When you put your name on the ballot, you’re asking voters to trust you with hundred million dollar budgets and the power of a government office. Therefore, it is a duty of the public to make sure that each candidate is qualified to handle this burden of responsibility. Anybody with a financial history that cannot stand up to basic scrutiny should not put themselves out in front of the voters.
On that note, Aaron Gregg should not be running for Fullerton City Council.
You see, attorney Aaron Charles Gregg filed for a $107,000 bankruptcy about 10 years ago, discharging over $75,000 in federal and state back taxes and $30,000 in other debts to individuals and businesses, all while claiming $8,000 a month in income from his business.
It’s all laid bare in these papers that were filed in federal bankruptcy court, which show that Aaron Gregg neglected to pay his taxes for most of the years from 1992 through 1998. When the debt piled up, he hired an attorney and let it all go.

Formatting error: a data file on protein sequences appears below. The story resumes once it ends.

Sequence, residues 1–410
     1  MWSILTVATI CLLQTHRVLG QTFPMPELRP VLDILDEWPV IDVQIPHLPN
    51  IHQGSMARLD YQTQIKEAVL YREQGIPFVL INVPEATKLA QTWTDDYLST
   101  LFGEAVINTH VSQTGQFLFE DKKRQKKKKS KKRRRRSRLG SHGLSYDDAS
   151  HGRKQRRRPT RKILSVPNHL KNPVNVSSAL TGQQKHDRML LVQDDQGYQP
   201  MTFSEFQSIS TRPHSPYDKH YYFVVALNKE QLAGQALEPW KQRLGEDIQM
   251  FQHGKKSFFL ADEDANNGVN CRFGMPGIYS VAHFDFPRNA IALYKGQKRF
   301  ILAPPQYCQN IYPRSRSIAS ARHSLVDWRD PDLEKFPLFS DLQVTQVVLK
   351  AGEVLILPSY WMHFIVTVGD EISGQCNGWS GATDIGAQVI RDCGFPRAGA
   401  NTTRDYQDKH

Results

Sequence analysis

Among the more curious items in the filings, Aaron Gregg listed assets of $25 dollars cash, $200 in clothes, $75 wrist watch and some office supplies. Times must have been tough for this professional attorney of 21 years. Fortunes were about to change, however, when he realized that he would be able to dump his debt but keep his leased $5,000 Savin copier. I bet that will come in handy some day.
The documents also show that halfway through the bankruptcy process, Aaron Gregg discovered that he might also owe money to a family in San Pablo City, Philippines. What could that be for? Well they’re never going to vote in Fullerton. Might as well get rid of that debt too.
In the end, it looks like Aaron was able to dump over $100,000 owed to nine different creditors, two of which were government agencies. When the tax man doesn’t get his revenue, guess who gets to make up for it? That’s right, you and me. And somehow I have a feeling that Aaron Charles Gregg made it out of this financial mess and has been doing just fine ever since. But that’s no reason for him to think he’s a valid candidate to run our city.
On second thought, Aaron’s keen ability to get himself out of unwieldy financial commitments may come in handy when it’s time for Fullerton to escape our massive redevelopment and pension debts. But it’s probably safer to just call him in as a consultant.